Here's how a Hollywood studio used to sell an upcoming superhero epic:
This is how they do it now:
Like night and day, isn't it? The 1978 trailer for Superman is almost painfully earnest in tone. This isn't a movie about spectacle or sensation; it's about character. The trailer for the upcoming Iron Man, on the other hand, is nothing but empty sensation: flashy camera moves, heavy-handed CGI, arch and unfunny gags, jokey use of music.
It's that--the music--I want to discuss. Aside from the nudge-in-the-ribs use of the same-named Black Sabbath song, the Iron Man trailer is a mixed bag musically, blaring metal, whooshing synthesizer, temp music used to enhance various moments onscreen but utterly lacking any stylistic unity.
The Superman trailer, of course, uses John Williams' score for the finished film. Aside from giving the trailer a sense of grandeur Iron Man utterly lacks, it suggests another big difference between moviemaking then and now.
The studio could use Williams' completed score to sell Superman because the movie was largely complete, even months before its debut. Williams was hired early on in the process and given adequate time to compose the music because movies back then had enough of a post-production period to fine-tune every last detail.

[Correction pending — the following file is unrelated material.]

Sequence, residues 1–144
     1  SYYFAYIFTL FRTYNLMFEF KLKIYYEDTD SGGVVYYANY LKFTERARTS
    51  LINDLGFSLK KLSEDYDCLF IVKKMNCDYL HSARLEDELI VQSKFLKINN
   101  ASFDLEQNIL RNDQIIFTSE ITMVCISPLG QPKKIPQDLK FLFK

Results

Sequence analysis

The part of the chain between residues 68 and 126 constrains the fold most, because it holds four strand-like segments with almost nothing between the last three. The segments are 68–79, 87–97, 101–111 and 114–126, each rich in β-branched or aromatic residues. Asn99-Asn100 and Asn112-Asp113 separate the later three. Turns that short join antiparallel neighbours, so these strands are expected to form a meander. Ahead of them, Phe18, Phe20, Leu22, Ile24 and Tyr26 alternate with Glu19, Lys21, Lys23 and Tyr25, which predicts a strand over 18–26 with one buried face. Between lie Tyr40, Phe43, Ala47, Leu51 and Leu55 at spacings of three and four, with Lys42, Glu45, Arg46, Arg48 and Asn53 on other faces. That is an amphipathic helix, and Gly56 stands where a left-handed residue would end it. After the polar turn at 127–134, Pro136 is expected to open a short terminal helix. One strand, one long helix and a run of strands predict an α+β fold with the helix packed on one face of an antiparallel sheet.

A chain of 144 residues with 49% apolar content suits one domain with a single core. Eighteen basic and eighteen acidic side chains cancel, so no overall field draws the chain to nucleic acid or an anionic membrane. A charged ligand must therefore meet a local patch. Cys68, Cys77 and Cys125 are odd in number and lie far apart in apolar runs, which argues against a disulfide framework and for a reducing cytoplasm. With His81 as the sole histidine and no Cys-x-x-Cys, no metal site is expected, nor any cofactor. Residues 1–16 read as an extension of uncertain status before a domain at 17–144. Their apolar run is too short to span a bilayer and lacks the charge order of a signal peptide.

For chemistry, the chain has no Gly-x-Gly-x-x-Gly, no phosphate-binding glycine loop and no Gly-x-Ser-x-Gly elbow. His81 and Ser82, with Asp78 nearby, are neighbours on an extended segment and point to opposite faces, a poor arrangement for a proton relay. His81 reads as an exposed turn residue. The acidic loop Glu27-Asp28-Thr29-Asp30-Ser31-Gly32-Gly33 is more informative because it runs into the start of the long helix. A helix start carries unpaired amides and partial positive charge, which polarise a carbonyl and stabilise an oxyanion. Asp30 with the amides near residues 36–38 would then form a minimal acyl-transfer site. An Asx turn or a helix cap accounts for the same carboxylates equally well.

This Iron Man trailer debuted in late February for a film to be released in late April, but the use of a temp score is a dead giveaway: This thing isn't completed yet, mere weeks away from its premiere. Not an unusual situation these days, unfortunately. Movies now--even ones not involving an overqualified cast acting in support of a goofy-looking metal suit--are so reliant on CGI effects which are often not delivered until the last minute, the final cut can't be locked in until weeks, even days before the damned thing opens.
This is moviemaking in its crudest form, unapologetically manufacturing product instead of even pretending to create art.